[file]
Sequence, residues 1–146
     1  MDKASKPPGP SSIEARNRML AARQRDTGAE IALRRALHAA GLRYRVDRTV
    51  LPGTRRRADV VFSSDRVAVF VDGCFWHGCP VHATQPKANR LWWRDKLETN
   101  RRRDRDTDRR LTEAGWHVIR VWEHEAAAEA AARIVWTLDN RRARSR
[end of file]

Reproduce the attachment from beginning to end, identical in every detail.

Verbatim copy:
Sequence, residues 1–146
     1  MDKASKPPGP SSIEARNRML AARQRDTGAE IALRRALHAA GLRYRVDRTV
    51  LPGTRRRADV VFSSDRVAVF VDGCFWHGCP VHATQPKANR LWWRDKLETN
   101  RRRDRDTDRR LTEAGWHVIR VWEHEAAAEA AARIVWTLDN RRARSR